The public had hoped that a reunion between Thompson-Herah and MVP Track Club would reignite the spark that had propelled her to Olympic glory. However, Francis's unwavering stance has shattered those hopes. With Thompson-Herah's career floundering in recent years, the absence of her former coach's guidance and support poses significant challenges for her future endeavors, especially in light of her recent signing with Puma.

Thompson-Herah now faces an uphill battle as she seeks to reclaim her position at the top of the sprinting world. Without the familiar structure of MVP Track Club and the guidance of Coach Francis, she will need to dig deep to find the motivation and resources necessary to revive her career.



At the heart of Jamaica's remarkable legacy in track and field, among the names that stand out as a symbol of excellence and inspiration is one Shelly-Ann Fraser-Pryce.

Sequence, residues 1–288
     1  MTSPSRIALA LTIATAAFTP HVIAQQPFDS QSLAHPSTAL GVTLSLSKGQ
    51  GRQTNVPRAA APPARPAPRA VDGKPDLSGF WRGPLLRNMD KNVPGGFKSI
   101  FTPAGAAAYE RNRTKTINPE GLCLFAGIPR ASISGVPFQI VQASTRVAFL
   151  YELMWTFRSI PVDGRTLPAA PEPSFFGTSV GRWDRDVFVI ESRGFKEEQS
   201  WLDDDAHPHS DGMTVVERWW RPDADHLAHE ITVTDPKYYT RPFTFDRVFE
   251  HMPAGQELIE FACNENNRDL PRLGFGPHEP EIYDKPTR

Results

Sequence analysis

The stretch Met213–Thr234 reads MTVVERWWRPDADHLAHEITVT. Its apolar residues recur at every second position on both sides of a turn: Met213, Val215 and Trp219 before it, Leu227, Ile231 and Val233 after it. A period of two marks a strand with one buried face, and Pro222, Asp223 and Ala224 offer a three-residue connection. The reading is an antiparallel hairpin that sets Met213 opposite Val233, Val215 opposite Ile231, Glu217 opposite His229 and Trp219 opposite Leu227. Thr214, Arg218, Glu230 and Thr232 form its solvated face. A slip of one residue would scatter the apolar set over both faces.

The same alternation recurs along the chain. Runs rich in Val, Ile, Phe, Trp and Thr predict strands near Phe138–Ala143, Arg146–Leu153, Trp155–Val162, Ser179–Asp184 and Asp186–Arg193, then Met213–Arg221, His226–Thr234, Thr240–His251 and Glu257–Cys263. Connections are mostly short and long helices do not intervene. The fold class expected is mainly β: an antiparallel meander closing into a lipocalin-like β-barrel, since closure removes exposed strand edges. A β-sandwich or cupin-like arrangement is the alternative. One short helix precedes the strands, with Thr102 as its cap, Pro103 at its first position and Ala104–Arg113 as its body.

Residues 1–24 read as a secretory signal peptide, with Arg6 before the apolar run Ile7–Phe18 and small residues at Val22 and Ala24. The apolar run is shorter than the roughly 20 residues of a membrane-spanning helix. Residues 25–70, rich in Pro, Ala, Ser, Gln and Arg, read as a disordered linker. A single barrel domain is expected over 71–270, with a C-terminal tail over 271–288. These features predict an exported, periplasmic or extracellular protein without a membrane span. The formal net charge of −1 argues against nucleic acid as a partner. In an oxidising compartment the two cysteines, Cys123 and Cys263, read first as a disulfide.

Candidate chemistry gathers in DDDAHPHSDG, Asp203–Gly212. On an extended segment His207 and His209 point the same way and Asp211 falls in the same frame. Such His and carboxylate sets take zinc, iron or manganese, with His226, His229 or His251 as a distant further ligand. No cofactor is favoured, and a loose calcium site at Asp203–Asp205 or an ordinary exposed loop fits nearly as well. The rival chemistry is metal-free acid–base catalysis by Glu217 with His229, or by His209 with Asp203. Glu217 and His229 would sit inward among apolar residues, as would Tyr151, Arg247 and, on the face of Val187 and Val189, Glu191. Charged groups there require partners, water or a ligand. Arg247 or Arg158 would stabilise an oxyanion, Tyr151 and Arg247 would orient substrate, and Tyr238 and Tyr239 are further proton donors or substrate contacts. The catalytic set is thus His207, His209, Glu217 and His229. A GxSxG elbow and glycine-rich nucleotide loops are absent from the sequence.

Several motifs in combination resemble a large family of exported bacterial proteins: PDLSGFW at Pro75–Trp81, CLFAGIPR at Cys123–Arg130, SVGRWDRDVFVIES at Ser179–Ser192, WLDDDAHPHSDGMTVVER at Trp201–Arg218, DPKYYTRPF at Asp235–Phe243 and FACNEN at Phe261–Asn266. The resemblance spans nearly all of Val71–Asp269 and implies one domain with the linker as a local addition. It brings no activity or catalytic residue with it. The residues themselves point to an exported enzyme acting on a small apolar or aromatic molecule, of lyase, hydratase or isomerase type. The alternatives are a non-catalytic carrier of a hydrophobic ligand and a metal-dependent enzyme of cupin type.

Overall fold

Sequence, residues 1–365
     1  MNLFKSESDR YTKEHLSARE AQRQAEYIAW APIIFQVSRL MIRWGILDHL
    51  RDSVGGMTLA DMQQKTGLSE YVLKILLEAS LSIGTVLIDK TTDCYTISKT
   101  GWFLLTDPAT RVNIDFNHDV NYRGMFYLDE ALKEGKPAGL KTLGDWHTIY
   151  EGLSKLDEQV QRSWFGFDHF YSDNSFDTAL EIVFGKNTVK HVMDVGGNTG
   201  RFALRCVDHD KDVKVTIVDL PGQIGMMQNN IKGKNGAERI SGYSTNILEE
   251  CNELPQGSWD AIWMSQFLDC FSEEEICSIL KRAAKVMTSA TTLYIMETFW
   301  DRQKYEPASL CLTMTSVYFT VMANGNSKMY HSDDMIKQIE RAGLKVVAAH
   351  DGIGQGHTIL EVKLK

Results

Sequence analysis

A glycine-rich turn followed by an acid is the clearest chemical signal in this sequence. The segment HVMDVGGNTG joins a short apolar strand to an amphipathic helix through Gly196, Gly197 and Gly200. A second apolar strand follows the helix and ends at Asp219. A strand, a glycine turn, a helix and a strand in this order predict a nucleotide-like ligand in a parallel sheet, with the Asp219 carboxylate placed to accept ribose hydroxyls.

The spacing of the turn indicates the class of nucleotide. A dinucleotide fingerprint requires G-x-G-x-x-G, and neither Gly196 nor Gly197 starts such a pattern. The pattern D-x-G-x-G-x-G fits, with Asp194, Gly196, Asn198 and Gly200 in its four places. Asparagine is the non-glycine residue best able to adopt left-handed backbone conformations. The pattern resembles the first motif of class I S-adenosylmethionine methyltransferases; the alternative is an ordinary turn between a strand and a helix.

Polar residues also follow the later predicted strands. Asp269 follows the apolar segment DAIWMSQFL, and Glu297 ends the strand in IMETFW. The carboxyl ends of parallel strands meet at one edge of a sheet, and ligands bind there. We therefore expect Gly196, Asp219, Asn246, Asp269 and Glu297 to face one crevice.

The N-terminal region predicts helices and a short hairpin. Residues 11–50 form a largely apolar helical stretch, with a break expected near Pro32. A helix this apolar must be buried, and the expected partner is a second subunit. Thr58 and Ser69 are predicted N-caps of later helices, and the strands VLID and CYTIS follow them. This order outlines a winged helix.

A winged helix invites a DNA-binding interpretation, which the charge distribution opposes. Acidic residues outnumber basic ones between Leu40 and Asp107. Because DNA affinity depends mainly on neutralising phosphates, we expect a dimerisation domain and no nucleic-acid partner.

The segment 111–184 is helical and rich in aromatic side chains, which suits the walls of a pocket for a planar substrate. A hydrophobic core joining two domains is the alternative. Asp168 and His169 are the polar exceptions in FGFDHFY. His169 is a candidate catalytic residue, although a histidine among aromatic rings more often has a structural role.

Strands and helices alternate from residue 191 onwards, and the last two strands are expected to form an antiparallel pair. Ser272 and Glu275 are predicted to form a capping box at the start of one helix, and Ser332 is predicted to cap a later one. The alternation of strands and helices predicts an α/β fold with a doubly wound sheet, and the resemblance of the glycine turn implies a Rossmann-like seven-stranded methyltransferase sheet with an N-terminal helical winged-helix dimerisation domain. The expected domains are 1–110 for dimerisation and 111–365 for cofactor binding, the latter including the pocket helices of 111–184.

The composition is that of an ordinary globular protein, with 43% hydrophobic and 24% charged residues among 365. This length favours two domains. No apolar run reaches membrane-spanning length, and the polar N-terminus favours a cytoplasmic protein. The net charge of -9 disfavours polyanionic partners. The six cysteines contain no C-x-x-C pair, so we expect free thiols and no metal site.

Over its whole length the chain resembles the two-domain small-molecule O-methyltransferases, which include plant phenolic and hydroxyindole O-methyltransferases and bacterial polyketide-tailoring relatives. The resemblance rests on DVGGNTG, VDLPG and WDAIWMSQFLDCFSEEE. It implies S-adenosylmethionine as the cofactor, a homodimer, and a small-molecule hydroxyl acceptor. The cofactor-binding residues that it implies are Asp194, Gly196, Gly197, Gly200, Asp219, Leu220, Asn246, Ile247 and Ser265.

With a record five 100m world titles and two Olympic blue-ribbon titles to her name, Fraser-Pryce is part of a golden era of Jamaican sprinters that includes illustrious figures like Usain Bolt, Melaine Walker, Veronica Campbell Brown and many more.

Her journey from a young girl in Waterhouse to a global athletics icon is a testament to the power of determination and talent.

"It definitely feels good, I think for me, especially coming from, you know, Waterhouse, a young girl who didn't, you know, know where she would end up in the future," Fraser-Pryce shared in an interview with Black Enterprise.